Arriving home from West Runton, my mother and grandmother returned to find two little girls, and their mother from Bethel Green had been billeted with the family. Though the three evacuees had traveled only seventy miles from London to Bury St. Edmunds, the country surroundings and the absence of noisy red Double Decker busses and black taxicabs unnerved the East End children; many children arriving in the English countryside during the evacuation waves had never seen a cow or a sheep before their journey.

After introductions, the mothers agreed to consider boundaries dividing the house between the two families. Routines for preparing meals, quietly arranged by the two young mothers, go unnoticed by the children. My mother’s family retreated to the back of the house, the East End family to the front rooms, only meeting in the evenings around the wireless to listen to news about the war.

September 3, 1939. A Sunday morning. Gardens, spared by an early frost, still bloomed. The air carried summer winds inland from the sea. The shipping forecast predicted steady waters and a cloudless sky. Great Britain declared war against Germany. The women around my mother sipped cups of rationed tea in West Road’s front room, listening to Prime Minister Chamberlain’s declaration of war against Germany on the wireless.

France and the Netherlands had fallen to the German invasion within days, and now only eighteen miles of the English Channel separated the French coast from England.

When the church bells rang, the circle of women around my mother wept. The thundering church bells, silenced by government order, would ring again only if England faced invasion or if the war was over.

A disembodied voice of the radio commentator, church bells fading into the crackling wireless, and the sound of her mother crying, this was the soundtrack of war my mother always remembered.

Black and white footprints in a snowstorm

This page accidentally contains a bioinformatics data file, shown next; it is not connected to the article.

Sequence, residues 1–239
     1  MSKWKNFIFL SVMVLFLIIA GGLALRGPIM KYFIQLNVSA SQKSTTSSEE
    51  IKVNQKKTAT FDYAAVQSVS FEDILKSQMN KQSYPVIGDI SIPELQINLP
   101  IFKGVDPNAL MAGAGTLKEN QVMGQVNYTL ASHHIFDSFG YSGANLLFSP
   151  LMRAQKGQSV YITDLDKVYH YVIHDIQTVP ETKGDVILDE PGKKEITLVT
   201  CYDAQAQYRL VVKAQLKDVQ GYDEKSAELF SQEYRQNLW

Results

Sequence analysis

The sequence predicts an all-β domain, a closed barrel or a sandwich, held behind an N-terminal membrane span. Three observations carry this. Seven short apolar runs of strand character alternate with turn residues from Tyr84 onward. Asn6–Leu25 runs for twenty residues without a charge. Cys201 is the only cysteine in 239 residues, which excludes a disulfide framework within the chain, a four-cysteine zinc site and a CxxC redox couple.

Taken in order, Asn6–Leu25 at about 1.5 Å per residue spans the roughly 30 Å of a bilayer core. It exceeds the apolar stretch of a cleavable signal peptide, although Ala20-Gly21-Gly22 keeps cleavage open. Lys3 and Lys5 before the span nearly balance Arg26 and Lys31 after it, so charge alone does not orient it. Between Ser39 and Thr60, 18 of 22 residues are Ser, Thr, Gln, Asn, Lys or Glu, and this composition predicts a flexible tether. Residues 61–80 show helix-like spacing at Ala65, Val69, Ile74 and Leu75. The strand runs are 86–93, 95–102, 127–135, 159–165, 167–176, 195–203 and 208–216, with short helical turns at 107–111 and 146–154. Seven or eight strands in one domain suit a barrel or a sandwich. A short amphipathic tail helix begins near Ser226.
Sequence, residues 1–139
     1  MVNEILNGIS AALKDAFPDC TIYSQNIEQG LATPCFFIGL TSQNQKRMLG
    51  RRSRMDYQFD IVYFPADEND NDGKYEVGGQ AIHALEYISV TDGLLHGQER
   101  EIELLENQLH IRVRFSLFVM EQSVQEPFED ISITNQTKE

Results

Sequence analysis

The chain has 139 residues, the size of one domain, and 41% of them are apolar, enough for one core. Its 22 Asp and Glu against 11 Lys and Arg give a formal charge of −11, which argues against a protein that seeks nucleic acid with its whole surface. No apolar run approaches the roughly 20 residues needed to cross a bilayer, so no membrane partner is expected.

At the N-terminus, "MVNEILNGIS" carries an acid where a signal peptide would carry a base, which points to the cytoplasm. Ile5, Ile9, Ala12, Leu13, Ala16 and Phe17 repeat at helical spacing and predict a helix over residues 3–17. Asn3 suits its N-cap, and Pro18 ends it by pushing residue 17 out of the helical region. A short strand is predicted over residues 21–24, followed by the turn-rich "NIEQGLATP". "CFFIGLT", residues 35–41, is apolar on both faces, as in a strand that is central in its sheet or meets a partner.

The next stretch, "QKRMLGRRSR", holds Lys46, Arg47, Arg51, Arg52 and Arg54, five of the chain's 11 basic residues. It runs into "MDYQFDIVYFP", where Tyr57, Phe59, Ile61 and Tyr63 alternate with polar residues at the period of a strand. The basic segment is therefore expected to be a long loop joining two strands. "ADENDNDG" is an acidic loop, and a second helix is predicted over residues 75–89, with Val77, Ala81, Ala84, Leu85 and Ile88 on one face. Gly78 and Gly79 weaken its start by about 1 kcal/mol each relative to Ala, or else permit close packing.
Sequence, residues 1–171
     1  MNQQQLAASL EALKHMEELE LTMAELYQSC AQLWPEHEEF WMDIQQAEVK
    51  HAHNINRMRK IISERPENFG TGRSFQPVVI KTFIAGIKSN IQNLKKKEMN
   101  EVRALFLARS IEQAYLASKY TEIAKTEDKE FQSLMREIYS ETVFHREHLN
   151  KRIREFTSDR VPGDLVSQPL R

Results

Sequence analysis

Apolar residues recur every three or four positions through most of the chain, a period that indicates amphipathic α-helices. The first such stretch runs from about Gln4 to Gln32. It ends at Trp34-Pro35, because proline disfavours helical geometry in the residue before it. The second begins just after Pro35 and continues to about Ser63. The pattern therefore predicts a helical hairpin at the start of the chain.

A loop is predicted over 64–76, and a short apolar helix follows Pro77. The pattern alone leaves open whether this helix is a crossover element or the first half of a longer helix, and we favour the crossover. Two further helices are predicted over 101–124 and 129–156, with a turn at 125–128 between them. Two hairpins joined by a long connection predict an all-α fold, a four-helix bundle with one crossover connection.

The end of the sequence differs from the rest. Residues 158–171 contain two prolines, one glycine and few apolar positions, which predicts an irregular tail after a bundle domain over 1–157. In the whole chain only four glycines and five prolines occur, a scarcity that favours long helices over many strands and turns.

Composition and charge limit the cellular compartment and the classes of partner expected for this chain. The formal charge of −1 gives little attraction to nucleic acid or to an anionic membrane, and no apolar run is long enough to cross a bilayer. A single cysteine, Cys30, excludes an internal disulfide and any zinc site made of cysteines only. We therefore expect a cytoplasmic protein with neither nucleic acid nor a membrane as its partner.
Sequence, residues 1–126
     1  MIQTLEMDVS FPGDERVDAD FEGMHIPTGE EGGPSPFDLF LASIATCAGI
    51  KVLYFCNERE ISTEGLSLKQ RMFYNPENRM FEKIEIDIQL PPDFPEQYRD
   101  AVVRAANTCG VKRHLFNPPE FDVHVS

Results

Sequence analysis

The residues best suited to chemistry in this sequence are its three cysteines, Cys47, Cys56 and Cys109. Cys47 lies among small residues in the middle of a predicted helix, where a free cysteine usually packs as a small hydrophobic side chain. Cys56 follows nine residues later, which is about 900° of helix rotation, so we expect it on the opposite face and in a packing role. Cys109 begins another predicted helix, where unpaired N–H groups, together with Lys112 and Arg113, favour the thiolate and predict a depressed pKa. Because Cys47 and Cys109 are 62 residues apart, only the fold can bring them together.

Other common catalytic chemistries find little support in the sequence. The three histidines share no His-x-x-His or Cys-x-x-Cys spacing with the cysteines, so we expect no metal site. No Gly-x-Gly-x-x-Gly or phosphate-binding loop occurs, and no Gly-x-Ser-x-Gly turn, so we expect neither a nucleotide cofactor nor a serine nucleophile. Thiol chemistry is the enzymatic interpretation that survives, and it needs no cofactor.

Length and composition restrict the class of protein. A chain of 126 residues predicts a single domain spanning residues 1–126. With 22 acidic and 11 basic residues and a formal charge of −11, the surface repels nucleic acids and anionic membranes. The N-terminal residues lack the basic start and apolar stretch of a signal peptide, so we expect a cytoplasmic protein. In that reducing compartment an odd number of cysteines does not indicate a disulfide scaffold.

Long before I knew the details, I understood that my parents’ lives were formed differently. Indeed, the worn, brown photographs from my competing European bloodlines testify to this divergence of history. On my mother’s side of the Culley family, I have many photos of smiling great aunts and children enjoying a day at the beach before the war. The women, legs tucked beneath them like rabbits, sit on wool blankets. The children, naked except for their bonnets and diapers, clumsily shovel teaspoons of sand into marmalade jars or coffee tins.

I move the pictures around like pieces to a puzzle, putting them in order by a person, by location, by pastime. All the pictures of my mother with her family at the beach in one pile, all my grandmother’s photographs holding my mother in another. I play games with these images and concoct stories about the women in the photographs for entertainment, not from necessity. This side of my family moves through everyday life, photographed next to the things they valued – a prized rose, houses, and farms. I imagine days spent by the sea and afternoons rowing on the river and smile at their proud poses in military uniforms and nurses’ capes.

Yet, like five o’clock shadows, fathers, grandfathers, and uncles do not figure prominently in my life on this side of my family either. The absence of photographs is my proof for this hypothesis. I can only fill a small corner of my dining room table with the few photographs I have of the Culley men. Unguarded moments like the one of my mother’s Irish grandfather and great uncle sitting by the seaside in three-piece suits while reclining in canvass chairs are rare images. These men belong to history, not memory.